Friday, March 07, 2008
Posted by Ann
My sixteen year old daughter Sophie decided to stop eating meat about two years ago. This decision was not because she doesn’t like meat—she still thinks fondly of chorizo and beef stew—her decision was a moral one and she has been true to it. While my partner, Jack, and I are unrepentant omnivores, we respect her choice and really enjoy coming up with meals that will satisfy all of us.
She does still eat dairy and fish, so the obvious solution is fish or baked Macaroni and Cheese. But you can’t serve those dishes over and over—just as you can’t rely on stir-fry with tofu (which seems to be what everyone makes for a non meat eater and which she is heartily tired of!), so I like to find ideas that will feed her body and her mind—meals that are new and exciting, as well as dishes, like Vegetarian Shepherds Pie, that evoke her memories of favorites from her meat-eating days. Memory plays such an important part in our enjoyment of food, but making new food memories is important too.
A new food to us, farro is the oldest cultivated grain in the world and the ancestor of all modern wheat. Evidence of cultivation has been found in Damascus as long ago as 7700 BC and more recently was the standard ration for the Roman Legion. The great news is that farro retains nearly all of its nutritional value in the kernel, so that even after processing it contains high levels of proteins and carbohydrates. It’s a great source of dietary fiber, thiamin, niacin, iron and potassium, and it’s also easy to digest. It does contain gluten, but is tolerated by many wheat sensitive people. Nutty and chewy, faro is almost impossible to overcook and lends itself to all sorts of preparations from the Roman salad of farro tossed with tomatoes, olive oil and a little balsamic vinegar to pilafs, risottos or stews. We like it with escarole, and Sophie enjoyed it so much she agreed to paint an illustration for this recipe (below).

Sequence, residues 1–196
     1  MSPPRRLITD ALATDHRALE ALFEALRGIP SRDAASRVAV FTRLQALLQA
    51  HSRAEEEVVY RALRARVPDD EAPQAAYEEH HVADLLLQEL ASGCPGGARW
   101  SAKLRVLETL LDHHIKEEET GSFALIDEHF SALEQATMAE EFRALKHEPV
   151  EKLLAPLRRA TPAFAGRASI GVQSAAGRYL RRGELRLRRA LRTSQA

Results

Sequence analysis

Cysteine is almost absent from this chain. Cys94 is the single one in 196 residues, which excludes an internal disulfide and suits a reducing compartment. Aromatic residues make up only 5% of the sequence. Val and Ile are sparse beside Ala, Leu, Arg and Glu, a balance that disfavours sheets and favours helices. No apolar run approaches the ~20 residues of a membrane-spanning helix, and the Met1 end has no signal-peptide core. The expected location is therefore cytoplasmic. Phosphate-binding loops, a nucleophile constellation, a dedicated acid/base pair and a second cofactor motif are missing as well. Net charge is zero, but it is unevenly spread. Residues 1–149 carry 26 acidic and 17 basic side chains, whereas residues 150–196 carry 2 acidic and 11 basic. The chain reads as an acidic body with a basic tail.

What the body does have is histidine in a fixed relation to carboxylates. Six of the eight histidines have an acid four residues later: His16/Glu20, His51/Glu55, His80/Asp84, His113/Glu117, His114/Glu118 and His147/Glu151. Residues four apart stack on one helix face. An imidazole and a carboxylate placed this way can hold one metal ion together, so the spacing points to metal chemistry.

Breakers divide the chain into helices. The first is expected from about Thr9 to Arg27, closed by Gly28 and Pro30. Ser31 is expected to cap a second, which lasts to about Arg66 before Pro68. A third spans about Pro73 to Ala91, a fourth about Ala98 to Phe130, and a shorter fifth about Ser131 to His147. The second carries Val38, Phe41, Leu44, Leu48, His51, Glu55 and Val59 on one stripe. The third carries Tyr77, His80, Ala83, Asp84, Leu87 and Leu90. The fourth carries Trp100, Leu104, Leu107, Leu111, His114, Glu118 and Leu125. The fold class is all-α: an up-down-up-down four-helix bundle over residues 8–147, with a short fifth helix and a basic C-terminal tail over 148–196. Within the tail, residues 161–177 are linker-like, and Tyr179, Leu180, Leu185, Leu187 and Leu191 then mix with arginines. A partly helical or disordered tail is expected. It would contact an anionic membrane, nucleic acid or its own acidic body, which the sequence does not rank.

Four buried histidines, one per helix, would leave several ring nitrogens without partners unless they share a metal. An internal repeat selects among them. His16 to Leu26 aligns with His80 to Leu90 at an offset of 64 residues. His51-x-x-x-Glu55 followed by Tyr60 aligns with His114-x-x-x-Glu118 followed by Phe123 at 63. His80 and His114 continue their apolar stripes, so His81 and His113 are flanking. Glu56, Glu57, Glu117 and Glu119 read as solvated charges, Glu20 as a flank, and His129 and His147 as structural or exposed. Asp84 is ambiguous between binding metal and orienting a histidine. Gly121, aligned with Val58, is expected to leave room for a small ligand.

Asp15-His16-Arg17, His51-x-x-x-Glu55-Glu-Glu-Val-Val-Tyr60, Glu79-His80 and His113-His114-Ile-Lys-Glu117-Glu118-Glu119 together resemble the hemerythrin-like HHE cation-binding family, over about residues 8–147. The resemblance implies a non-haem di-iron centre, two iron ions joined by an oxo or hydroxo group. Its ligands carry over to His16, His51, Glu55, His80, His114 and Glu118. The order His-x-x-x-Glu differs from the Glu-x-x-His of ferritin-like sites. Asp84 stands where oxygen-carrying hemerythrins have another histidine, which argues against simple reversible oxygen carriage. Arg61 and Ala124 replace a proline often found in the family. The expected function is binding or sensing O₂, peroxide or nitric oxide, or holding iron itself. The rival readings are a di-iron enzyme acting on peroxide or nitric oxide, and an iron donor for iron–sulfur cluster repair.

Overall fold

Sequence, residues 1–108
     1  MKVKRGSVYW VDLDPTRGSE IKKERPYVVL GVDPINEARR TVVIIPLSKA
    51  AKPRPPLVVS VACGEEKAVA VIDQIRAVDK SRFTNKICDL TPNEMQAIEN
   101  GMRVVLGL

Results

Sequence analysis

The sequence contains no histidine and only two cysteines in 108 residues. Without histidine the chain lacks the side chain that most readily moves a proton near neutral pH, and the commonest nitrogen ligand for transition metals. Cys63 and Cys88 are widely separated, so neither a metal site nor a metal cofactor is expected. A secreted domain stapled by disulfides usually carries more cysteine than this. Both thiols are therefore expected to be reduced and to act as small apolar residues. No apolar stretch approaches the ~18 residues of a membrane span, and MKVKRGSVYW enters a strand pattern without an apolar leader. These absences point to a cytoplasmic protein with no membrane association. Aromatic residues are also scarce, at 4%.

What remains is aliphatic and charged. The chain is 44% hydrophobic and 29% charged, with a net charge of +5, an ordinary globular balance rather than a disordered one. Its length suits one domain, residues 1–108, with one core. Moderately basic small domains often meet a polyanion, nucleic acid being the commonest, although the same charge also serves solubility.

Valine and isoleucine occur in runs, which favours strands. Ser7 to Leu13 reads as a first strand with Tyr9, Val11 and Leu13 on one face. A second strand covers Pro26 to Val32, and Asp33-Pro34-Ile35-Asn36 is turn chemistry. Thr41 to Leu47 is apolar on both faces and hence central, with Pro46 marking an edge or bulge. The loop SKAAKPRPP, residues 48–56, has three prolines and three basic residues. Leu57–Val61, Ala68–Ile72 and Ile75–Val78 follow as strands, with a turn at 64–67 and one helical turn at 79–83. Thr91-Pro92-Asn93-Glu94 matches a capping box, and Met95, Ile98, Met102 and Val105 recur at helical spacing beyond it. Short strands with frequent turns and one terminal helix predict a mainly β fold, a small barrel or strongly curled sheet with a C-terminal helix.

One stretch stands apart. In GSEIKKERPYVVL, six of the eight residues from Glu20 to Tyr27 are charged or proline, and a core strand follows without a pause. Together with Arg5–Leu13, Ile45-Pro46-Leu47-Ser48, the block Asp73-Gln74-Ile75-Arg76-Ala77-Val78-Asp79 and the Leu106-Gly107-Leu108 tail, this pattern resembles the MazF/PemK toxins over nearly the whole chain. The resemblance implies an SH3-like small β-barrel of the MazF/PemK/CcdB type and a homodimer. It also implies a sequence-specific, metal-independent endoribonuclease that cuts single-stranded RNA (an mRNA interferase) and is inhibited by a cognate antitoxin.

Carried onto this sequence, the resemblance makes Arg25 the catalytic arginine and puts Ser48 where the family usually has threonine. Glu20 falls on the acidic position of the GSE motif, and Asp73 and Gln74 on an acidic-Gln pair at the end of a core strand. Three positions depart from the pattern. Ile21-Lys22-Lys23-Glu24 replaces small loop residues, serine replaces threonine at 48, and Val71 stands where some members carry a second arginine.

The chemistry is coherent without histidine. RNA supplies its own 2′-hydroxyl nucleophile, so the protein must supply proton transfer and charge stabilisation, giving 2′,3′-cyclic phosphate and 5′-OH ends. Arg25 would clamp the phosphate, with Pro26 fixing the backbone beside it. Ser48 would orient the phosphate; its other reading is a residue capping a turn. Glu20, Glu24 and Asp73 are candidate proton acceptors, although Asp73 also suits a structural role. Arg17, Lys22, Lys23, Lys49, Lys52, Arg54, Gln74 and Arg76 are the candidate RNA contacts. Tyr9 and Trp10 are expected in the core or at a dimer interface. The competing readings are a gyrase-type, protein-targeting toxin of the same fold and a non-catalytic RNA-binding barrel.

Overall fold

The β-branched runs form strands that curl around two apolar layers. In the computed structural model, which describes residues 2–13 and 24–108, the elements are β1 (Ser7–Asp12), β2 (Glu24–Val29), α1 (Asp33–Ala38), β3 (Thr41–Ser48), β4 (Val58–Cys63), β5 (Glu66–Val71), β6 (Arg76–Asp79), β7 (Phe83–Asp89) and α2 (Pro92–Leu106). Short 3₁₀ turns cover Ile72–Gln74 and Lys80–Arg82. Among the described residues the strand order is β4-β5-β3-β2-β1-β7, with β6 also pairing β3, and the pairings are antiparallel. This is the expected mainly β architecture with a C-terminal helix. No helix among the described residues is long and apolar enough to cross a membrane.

Farro with Escarole
Adapted from a favorite pasta recipe
Serves 4 - 6
2 cups of farro
2 tablespoons olive oil
6 to 8 cloves garlic, thinly sliced
1 teaspoon crushed red pepper flakes
2 large heads escarole, washed and drained, roughly chopped
3/4 cup vegetable broth
1 lemon, zested and juiced
Freshly ground black pepper
1 tablespoon butter
1/3 cup grated Parmigiano-Reggiano
Cover the farro with water and let it soak for 30 minutes. Drain it and put it into a large pot with 2 quarts of water and some salt. Simmer for about 30 minutes. The faro will not absorb all of the water, so fear not.
Roughly chop the heads of escarole and then clean the leaves by soaking them in a sink filled with water. Spin them dry in batches. You’ll have a huge amount of escarole and wonder how in the world this will all come together, but it will.
In a large (4 quart) stove-top pan or stockpot, heat the olive oil and cook the sliced garlic until golden brown, 4 to 5 minutes. Remove the garlic chips from the pan to drain and reserve. Leave the pan with the oil ready to use again.
About ten minutes before the farro is ready heat up the oil in the garlic pan, and add the crushed red pepper flakes and cook for 30 seconds. Add the roughly chopped escarole, tossing to wilt it in the flavored oil and wilting it into the pan in stages. Once all the escarole has fit into the pan, add the vegetable stock, lemon juice, salt and pepper and cook for 2 more minutes.
Drain the hot farro well and add it to the escarole pan. Add the lemon zest and toss to distribute. Turn the heat off and add the butter and cheese, toss to melt. Transfer to a serving bowl and top with the garlic chips.
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This Post was written by Ann from Redacted Recipes